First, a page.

Several major drugs companies have announced big cuts to the amounts they charge for their vaccines in the developing world.GlaxoSmithKline (GSK), Merck, Johnson & Johnson and Sanofi-Aventis have agreed to cut prices through the international vaccine alliance Gavi.
GSK said it would cut the price of its vaccine for rotavirus by 67% to $2.50 (£1.50) a dose in poor countries.
Rotavirus-related diarrhoea kills more than 500,000 children a year.
The vaccine will be subsidised by higher prices being charged in richer countries.
The rotavirus vaccine, for example, would cost about $50 in the US.
Jamie Drummond Anti-poverty campaign group ONEGavi's ambition to save four million lives in the next five years is only achievable if the international donor community steps up to the plate”
"What we need is a return to invest in the next generation of new vaccines and drugs and that has to come from the profits of the medicines or the vaccines," Andrew Witty, chief executive of GSK told the BBC."But it's obvious that if you're in Kenya or a slum in Malawi or somewhere like that there is no capacity for those people to contribute to it, so they have to be helped out by the contribution from the middle and the richer (countries)."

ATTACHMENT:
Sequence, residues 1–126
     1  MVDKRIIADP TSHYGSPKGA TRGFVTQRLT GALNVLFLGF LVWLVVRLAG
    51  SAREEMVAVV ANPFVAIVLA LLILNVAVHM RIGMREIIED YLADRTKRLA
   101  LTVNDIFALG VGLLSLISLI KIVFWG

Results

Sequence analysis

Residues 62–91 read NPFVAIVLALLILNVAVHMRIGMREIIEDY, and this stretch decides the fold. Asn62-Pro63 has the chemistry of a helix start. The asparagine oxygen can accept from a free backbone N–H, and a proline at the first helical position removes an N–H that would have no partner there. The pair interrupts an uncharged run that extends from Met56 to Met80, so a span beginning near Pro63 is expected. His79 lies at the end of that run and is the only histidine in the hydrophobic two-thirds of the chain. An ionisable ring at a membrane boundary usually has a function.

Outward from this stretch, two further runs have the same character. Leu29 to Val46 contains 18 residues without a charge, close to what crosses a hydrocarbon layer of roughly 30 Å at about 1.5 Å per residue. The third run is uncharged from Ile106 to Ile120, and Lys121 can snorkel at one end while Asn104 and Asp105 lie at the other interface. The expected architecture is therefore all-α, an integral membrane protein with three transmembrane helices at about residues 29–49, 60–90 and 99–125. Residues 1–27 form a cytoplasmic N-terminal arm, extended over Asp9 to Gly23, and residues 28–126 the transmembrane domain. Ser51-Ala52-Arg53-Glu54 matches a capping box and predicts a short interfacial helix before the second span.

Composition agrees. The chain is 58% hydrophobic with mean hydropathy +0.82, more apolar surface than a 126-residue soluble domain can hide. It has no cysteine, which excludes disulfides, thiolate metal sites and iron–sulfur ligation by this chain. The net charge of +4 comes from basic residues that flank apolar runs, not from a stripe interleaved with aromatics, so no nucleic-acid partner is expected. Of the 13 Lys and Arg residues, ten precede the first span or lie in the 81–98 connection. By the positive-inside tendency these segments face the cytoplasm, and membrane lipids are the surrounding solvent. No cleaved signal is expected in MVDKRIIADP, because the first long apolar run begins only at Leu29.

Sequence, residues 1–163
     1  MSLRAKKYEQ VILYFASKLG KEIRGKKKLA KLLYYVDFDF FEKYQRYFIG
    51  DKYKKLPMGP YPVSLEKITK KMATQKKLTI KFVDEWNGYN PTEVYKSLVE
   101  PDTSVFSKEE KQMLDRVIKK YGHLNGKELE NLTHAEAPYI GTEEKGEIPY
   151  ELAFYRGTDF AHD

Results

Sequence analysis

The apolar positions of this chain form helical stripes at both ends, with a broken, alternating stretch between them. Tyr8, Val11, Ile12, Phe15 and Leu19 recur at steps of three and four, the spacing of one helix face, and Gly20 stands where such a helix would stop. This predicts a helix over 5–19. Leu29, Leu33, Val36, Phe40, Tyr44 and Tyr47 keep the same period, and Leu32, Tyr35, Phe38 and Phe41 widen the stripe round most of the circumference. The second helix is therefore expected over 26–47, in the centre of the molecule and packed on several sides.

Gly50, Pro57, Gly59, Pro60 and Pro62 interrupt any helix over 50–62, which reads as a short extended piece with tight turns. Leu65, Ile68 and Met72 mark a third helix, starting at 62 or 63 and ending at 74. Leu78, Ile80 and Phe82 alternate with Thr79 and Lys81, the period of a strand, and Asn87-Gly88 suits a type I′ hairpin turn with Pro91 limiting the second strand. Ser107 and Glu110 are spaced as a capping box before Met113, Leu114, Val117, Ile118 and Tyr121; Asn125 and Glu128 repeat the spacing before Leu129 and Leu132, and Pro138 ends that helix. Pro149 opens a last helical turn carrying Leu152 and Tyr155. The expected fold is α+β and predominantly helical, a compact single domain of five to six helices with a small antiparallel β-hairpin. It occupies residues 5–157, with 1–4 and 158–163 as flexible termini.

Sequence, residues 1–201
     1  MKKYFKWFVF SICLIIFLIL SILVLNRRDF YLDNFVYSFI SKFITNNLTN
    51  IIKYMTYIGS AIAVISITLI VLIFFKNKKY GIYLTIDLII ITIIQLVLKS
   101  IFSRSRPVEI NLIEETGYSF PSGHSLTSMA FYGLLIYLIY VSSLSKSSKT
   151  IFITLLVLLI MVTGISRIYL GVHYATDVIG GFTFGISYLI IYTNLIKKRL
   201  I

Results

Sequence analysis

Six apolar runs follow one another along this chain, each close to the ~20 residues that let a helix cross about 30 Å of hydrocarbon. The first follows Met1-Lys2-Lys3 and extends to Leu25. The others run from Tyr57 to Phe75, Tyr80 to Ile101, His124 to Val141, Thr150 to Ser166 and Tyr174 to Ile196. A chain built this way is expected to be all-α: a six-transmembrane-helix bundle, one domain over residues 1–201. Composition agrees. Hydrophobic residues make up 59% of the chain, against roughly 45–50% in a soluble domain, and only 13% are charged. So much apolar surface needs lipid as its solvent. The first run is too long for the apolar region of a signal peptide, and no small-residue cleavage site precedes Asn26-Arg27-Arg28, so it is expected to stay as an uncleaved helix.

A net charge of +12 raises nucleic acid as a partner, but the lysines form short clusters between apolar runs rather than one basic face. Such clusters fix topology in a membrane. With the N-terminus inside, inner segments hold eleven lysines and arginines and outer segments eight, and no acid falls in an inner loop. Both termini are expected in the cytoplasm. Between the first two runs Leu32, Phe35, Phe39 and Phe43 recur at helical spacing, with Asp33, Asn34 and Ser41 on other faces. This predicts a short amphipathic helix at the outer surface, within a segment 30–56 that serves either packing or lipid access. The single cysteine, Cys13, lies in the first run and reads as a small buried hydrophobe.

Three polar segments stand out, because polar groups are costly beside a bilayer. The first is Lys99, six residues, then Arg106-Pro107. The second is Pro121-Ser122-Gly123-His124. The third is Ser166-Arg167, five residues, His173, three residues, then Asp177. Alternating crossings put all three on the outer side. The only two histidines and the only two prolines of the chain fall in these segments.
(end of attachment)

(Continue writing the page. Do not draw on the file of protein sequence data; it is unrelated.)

Gavi is a partnership representing public and private sector organisations that helps to fund mass vaccination programmes in developing countries.
It is committed to funding the introduction of rotavirus vaccinations in 40% of the poorest countries by 2015, but it faced a $3.7bn funding shortfall and so has been appealing for price cuts and donations.
It will be holding a pledging conference in London on 13 June.
Merck has said it will provide its own rotavirus vaccine for $5 a dose, coming down to $3.50 once more than 30 million doses have been sold.
The price Gavi pays for pentavalent vaccines, which protect against diphtheria, tetanus, pertussis, hepatitis B and Haemophilus influenzae type B will be cut by two Indian firms, Serum Institute and Panacea Biotec.
GSK also said it was very close to developing the world's first malaria vaccine, which is unusual because there is no market for it in the West.
That means there is no opportunity for patients in richer countries to subsidise those in poorer countries.
As a result, GSK said that if the vaccine comes to market it would be sold at a price that provides a small return of 5%, which would be used to fund the next generation of malaria treatments.
Anti-poverty campaigners welcomed the move but said there was more to be done.
"Gavi still needs $3.7bn in additional funding to meet the demand for vaccines in poor countries," said Jamie Drummond, executive director of campaign group ONE.
"The pricing commitments announced today help drive momentum, but Gavi's ambition to save four million lives in the next five years is only achievable if the international donor community steps up to the plate on 13 June [at a London vaccines pledging conference]."